The implications of new channels for Customer Journey Mapping


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Publication of the article “Customer journey mapping vs process design: Do you know the difference?” prompted very relevant questions about how the principles apply to new channels like social and mobile? This topic will be the subject of a follow-up article in our next newsletter. In the meantime, here are the headlines…

If we think about each of the 4 stages of Customer Journey Mapping, the impact of new channels becomes more obvious.

Customer Journey Mapping Ecosystem

At the highest level – Do additional journeys need to be identified and mapped in order to address customers through Social or Mobile channels? In most cases, no. There may be the odd example where a new channel creates a fresh overall need amongst customers that requires an additional journey to be defined. For example, the need to be recognised as an expert that could prompt a journey for contributors to peer-to-peer help facilities. However, the number of customers and their ‘worth’ would need careful consideration before the organisation embarks on creating a new journey.

Do new channels affect the key steps in existing Journeys? Also not common, although a more likely effect than requiring completely new Journeys. Sticking with the peer-to-peer help example, if something didn’t do what was expected when the customer got it home, the journey step used to be “call the helpline”. With new channels an additional step of “ask other customers” may emerge. Practically, most organisations will find that re-defining an existing step to reflect the way new channels may have changed the way customers do things is better than introducing a new step.

New channels can also condense the purchase (or service) cycle, bringing together previously distinctly separate journey steps so they occur simultaneously. Care is needed when deciding if the steps are still present, albeit happening simultaneously, or if they really have collapsed. For example, where previously “information gathering” and “purchase” may have been distinct steps, they may now appear to be simultaneous. However, if a customer is toggling between different e-commerce sites, eventually buying from one, it can be argued that they are still mentally going through the same steps. If, on the other hand, they only go to one site, find what they want and buy without doing any other form of research, the 2 steps have truly combined.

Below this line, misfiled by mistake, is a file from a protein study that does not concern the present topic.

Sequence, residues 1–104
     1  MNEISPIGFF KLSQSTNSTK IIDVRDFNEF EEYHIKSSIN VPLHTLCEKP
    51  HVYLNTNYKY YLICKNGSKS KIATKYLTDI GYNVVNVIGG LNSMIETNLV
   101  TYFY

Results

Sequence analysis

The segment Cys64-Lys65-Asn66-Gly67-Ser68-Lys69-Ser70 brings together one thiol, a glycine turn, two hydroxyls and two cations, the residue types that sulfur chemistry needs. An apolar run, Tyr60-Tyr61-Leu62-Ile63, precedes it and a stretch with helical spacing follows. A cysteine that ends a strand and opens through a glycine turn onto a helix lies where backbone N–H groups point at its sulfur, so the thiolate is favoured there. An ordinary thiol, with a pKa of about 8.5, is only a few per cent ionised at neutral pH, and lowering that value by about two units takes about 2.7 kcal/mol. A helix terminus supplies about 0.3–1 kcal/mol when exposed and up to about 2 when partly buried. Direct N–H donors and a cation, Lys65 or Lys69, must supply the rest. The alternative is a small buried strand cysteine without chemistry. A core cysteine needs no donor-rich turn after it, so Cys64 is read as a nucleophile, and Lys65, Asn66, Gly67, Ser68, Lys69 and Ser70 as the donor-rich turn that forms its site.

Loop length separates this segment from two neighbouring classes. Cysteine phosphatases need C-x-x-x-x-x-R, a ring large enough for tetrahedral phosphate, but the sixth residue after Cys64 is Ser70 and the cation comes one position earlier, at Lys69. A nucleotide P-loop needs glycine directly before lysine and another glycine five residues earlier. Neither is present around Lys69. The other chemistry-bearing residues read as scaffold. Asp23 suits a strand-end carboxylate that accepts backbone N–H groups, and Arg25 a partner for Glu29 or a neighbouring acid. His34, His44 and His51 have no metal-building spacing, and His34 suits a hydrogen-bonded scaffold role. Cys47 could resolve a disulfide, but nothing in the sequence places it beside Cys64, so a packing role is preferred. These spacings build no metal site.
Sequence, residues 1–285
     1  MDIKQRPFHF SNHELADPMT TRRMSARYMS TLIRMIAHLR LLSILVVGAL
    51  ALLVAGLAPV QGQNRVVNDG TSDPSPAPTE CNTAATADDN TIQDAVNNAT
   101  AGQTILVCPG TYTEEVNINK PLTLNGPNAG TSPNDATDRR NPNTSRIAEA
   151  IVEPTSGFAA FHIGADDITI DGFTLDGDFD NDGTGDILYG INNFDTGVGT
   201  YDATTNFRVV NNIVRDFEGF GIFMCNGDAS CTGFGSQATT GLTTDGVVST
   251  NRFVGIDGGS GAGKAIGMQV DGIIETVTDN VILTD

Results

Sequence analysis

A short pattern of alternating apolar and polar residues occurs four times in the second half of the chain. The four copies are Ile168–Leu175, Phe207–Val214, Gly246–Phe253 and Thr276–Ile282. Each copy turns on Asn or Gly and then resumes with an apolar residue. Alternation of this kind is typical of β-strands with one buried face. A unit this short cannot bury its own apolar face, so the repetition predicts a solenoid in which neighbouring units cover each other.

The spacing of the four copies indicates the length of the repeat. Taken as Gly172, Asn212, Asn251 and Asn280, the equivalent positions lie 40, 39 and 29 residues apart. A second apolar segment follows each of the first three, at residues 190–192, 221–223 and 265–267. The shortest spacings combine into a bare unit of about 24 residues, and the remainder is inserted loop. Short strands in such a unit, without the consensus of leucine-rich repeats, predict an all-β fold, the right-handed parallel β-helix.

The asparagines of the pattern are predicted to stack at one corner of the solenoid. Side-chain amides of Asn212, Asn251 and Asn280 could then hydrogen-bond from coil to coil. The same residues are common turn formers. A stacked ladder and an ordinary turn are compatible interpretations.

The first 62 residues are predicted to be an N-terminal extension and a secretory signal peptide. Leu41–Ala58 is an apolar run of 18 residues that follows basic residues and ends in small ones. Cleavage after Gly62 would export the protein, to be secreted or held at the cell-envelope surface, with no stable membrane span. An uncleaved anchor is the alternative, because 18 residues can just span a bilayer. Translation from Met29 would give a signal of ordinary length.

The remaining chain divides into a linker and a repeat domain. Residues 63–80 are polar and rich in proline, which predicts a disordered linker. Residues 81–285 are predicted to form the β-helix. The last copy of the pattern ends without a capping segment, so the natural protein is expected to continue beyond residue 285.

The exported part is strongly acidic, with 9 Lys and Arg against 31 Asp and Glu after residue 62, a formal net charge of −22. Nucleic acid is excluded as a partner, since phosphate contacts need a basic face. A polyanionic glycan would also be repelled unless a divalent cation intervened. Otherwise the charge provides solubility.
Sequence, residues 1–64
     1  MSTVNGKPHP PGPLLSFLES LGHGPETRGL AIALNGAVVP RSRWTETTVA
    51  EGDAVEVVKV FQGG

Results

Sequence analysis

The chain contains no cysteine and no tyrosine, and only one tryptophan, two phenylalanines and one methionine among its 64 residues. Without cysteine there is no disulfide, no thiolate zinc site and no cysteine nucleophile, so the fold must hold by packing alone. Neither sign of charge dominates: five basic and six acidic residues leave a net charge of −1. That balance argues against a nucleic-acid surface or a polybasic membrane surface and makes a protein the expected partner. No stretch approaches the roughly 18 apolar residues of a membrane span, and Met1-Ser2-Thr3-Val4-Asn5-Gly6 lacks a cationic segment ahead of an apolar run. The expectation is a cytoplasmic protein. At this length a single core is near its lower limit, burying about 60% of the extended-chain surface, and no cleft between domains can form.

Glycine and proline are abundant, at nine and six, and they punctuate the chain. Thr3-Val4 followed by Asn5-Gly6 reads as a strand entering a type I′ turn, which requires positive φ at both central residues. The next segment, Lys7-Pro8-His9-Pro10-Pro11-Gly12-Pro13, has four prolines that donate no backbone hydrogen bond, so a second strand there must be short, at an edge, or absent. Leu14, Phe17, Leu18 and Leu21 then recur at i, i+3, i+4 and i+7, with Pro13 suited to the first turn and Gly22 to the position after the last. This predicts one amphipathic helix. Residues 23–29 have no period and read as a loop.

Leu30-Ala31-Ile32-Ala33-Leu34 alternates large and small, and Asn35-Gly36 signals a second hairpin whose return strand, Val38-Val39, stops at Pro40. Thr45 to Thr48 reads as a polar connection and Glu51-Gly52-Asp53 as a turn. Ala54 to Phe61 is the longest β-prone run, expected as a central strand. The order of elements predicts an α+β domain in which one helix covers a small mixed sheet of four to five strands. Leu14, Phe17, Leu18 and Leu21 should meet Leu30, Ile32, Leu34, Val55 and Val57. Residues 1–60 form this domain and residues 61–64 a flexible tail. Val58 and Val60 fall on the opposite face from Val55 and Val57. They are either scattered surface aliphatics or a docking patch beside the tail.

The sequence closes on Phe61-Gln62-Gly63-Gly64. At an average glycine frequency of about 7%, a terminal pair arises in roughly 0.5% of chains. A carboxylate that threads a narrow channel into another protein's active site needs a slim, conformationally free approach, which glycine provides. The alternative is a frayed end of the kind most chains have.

Where new channels DO have a much more significant effect on Journey Mapping are the last 2 stages. Customer expectations will often be influenced as a result of the opportunities new channels present – particularly in the areas of speed and the breadth & depth of information. Hence, attitudes and mindset as they enter a Journey step and what they want and expect as an outcome have probably evolved.

For example, a step “Choosing where to stay” has probably always been present in a Journey to book a holiday. Customers have always wanted to know what others thought of a property, questioned brochure descriptions and pictures and wanted more information than was provided, but recognised these desires were largely unrealistic. New channels have empowered them and raised their expectations.

In the last stage of Journey Mapping, organisations need to pay particular attention to how the new channels might have introduced new things that could go wrong for the customer. The evolving attitudes, expectations and concerns of customers can impact the degree to which each Journey Step presents an opportunity for the organisation to delight or dismay the customer. For example – in the past, an airline calling passengers to advise them of a delay would be an opportunity to delight; in today’s information enabled, mobile age, at best customers would probably be unimpressed, at worst, not doing it could be a real disappointment.

Finally, translating the Customer Journey into a customer experience design for each touch point has become much more complex with each new channel. Not only because of the increased touch points organisations have to think about, but also because of the way customers move seamlessly across and between them. Prioritisation has become one of the most important considerations in Journey Mapping. Does it impact enough value (not just customers, but also their influence) and is it important enough?

New channels mean Customer Journey Mapping has become less about what we can do and more about what we should do!

Republished with author's permission from original post.

Andy Green
Andy Green is a Director of The Customer Framework. Andy specialises in blending socially enabled customer management strategy with the practical design and delivery of implementation programmes which deliver real and sustainable financial benefit. He has led Customer Management programmes, as both a client and a consultant, in many industry sectors including travel & hospitality, telecoms, manufacturing, financial services, luxury, CPG, pharmaceuticals and retail.


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